Chapter six examines the anti-Chinese sentiment with the emerging class antagonism and turmoil between white capitalists and workers. The unwelcomed arrival of Chinese immigrants brought along their own social organizations such as the huiguan, fongs, and tongs. These types of social organizations secured areas of employment and housing for Chinese immigrants in California. This social structure that was unknown to Anglos led them to also categorize Chinese on the same level as Indians by depicting them as lustful heathens whom were out to taint innocent white women. These images were also perpetuated onto Chinese women, thus, also sexualizing them as all prostitutes.
Many miners passed through this community on their way to work the Gold Mines. The miners faced a reality filled with discrimination as the white miners resented their presence. When finding gold did not pan out, many Chinese immigrants moved on to building railroads, but because they were willing to work much cheaper than others they were often treated harshly for taking the jobs of whites who were trying to support their families but were not willing to work for the same pay. Economic difficulties were not the only reason that ethnic Chinese were looked down upon, the creation of ethnic enclaves including the largely populated China Town in San Francisco, created an image of the Chinese that conflicted with the American culture of the time. In these communities they kept much of their culture from China, they didn’t need to speak English and were isolated from other communities.
It allowed the Chinese that are students, teachers, merchants, or the ones that are proceeding to the United States to just want to look at the place. The Alien Contract Labor laws of 1885 made it unlawful to send aliens into the United States under contract. The only other exception are aliens who are temporarily in the United States getting married to other foreigners as secretaries, servants, or domestics; actors, artists, lecturers, and domestic servants and skilled workers working in a place that did not get established in the United States. “Increased the head tax to $4.00 (established by the Act of August 3, 1882 and raised subsequently).”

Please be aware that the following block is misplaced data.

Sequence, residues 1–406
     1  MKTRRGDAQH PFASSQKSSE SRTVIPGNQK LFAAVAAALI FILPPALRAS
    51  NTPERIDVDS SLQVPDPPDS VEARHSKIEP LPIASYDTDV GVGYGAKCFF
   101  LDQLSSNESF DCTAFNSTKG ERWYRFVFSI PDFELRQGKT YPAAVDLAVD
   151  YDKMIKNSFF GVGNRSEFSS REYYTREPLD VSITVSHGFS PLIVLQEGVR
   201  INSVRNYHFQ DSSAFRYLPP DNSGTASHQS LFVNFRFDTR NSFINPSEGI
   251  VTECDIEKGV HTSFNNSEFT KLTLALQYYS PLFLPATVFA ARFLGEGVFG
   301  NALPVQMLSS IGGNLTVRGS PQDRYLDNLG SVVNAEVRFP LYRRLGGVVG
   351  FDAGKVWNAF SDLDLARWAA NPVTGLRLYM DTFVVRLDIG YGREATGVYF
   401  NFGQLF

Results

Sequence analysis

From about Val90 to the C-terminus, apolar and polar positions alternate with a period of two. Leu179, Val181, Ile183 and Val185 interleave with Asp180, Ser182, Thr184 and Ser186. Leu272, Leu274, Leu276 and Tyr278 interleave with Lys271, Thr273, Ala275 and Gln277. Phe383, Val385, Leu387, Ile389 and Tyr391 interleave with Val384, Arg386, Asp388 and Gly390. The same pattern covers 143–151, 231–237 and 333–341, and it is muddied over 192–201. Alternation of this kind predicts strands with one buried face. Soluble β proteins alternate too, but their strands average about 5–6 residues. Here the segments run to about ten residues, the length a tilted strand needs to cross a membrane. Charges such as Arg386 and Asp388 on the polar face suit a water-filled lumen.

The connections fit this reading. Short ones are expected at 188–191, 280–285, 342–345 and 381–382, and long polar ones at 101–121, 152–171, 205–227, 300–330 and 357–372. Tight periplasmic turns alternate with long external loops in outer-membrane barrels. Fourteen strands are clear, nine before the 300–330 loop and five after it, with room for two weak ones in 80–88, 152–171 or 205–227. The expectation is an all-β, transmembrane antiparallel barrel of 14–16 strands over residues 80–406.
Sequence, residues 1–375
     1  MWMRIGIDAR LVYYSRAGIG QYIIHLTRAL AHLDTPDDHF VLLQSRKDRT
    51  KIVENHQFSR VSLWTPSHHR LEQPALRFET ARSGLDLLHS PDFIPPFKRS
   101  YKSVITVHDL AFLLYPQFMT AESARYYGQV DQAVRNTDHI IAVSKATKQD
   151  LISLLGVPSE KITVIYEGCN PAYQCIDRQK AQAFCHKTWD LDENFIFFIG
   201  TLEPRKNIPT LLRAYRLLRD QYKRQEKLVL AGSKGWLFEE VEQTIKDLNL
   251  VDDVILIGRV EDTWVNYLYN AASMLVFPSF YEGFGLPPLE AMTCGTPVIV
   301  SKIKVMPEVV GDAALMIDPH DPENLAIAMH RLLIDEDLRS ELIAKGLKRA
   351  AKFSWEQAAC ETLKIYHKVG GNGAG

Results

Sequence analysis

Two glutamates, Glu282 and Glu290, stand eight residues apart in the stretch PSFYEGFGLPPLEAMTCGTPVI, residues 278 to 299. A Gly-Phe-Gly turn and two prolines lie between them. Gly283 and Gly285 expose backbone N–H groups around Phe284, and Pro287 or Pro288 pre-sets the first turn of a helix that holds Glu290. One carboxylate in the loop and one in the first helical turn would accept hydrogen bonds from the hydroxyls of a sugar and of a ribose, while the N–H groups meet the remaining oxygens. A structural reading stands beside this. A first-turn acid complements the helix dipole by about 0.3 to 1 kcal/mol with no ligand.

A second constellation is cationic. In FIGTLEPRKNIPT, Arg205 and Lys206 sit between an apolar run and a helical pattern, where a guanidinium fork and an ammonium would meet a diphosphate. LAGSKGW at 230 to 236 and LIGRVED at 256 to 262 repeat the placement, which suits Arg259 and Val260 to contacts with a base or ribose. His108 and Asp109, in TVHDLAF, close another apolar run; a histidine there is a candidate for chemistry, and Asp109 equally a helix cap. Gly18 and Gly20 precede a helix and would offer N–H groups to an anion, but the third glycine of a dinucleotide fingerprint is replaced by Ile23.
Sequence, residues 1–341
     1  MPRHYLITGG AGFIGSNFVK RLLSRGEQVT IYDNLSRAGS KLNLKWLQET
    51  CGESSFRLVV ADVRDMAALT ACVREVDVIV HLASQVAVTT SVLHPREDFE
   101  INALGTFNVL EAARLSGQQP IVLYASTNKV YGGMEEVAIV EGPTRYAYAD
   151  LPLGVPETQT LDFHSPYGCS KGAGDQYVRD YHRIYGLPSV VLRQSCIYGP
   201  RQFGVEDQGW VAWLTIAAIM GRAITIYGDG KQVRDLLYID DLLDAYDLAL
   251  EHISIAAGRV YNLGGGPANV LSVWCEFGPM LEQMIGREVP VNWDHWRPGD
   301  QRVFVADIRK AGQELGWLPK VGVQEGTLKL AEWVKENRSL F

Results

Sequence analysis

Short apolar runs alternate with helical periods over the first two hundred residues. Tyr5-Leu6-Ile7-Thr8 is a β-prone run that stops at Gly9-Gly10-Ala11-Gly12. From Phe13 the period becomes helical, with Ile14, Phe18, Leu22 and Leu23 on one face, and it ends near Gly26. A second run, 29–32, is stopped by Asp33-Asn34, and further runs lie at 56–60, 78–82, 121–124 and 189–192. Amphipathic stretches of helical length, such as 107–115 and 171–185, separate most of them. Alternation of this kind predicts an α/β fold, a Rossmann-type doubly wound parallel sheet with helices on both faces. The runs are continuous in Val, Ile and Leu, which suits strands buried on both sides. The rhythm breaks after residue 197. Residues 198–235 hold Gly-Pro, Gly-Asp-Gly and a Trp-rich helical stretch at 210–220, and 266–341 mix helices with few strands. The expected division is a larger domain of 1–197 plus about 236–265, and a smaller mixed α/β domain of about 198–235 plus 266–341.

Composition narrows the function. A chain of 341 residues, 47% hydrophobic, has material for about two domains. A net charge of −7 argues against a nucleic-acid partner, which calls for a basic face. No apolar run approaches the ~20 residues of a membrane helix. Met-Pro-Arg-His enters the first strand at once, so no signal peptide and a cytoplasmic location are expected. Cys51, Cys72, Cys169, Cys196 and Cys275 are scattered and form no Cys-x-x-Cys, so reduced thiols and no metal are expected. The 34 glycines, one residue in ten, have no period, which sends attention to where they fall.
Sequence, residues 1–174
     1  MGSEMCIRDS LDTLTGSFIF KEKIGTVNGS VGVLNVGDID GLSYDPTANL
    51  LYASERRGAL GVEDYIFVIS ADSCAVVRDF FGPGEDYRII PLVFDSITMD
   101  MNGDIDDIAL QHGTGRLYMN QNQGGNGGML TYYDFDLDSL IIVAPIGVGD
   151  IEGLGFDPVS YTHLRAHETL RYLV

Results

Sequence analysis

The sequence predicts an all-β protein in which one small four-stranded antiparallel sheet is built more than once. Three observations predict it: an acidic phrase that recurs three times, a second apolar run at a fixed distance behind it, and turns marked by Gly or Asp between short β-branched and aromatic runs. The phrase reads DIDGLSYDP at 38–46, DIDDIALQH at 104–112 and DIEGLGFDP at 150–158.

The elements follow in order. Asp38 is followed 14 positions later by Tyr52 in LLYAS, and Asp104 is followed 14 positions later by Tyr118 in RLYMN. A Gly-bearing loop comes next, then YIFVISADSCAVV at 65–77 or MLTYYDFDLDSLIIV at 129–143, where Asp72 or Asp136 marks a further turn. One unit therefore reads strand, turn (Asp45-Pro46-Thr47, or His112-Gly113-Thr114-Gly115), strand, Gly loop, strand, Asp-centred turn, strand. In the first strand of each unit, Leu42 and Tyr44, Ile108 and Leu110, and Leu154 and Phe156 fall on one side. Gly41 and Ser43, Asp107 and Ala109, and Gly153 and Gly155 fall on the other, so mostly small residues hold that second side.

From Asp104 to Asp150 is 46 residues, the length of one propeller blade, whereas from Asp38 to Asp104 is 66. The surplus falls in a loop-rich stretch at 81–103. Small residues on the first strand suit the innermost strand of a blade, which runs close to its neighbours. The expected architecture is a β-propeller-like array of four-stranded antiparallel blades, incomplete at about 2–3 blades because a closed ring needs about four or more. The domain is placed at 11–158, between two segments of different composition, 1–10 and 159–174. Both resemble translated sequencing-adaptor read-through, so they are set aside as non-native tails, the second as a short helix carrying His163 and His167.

The Asian groups, mainly Chinese, were treated unequally with fewer salaries, restrictions on voting rights and the head tax of immigration which was announced on the Chinese Exclusion Act(1923) in order to prevent them from coming. Furthermore, The Immigrant Action(1910) even
The Civil Rights act of 1866 was also supposed to give newly freed African Americans most equal rights as whites. The other Civil Rights act (Civil Rights act of 1875) attempted to give African Americans equal accommodation rights, as well as trying to make racial profiling illegal and an arrestable crime. The Civil Rights acts made an attempt to give African Americans a lot of rights on par with whites. Lastly, the Bureau of Refugees was also created in order to aid the rights the African Americans now held. It was created in 1865 to aid slave and freeman migration from the South to the North.
People like foreigners and women were presented with challenges on their journey. In fact, in 1882 the campaign to restrict immigration created the federal Chinese Exclusion Act, which stopped the Chinese from migrating for 10 years. This prevented the Chinese from achieving the American Dream for that time period. Also, the government placed a tax on immigrant mining, charging them $500 a month, in this time (Maranzani). Women also had a difficult time during the Gold Rush.
One of this week’s readings focused on Ch. 5, “Caged Birds,” in Professor Lytle Hernandez’s book City of Inmates: Conquest, Rebellion, and the Rise of Human Caging in Los Angeles, 1771-1965, and this chapter was particularly interesting because it further explained the development of immigration control in the United States. As a continuation from the last chapter, there was a huge emphasis in the Chinese Exclusion Act of 1882 and the Geary Act of 1892. This essentially prohibited Chinese laborers from immigrating to the United States, as well as eventually requiring these people to comply with regulations. “Caged Birds” encapsulates the events afterwards, as the book heads well into the early-1900’s. The disenfranchisement of immigrants develops towards further exclusivity because “[by] 1917, Congress had banned all Asian immigration to the Unites States and also categorically prohibited all prostitutes, convicts, anarchists, epileptics, ‘lunatics,’ ‘